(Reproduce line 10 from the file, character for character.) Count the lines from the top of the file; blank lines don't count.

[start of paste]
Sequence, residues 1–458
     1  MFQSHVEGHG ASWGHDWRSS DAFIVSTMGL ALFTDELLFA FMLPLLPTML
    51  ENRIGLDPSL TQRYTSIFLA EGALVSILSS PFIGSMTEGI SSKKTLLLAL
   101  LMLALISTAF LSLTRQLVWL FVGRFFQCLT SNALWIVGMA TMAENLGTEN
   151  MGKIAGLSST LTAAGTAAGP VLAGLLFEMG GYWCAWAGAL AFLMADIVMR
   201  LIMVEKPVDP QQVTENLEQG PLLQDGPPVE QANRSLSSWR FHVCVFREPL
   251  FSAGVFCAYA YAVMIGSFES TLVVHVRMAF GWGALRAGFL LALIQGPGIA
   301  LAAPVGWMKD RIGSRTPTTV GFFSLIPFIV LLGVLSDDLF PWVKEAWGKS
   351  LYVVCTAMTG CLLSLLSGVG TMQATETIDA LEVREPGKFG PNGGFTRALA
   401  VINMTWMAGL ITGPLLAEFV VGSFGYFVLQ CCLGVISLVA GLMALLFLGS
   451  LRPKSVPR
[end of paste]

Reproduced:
   401  VINMTWMAGL ITGPLLAEFV VGSFGYFVLQ CCLGVISLVA GLMALLFLGS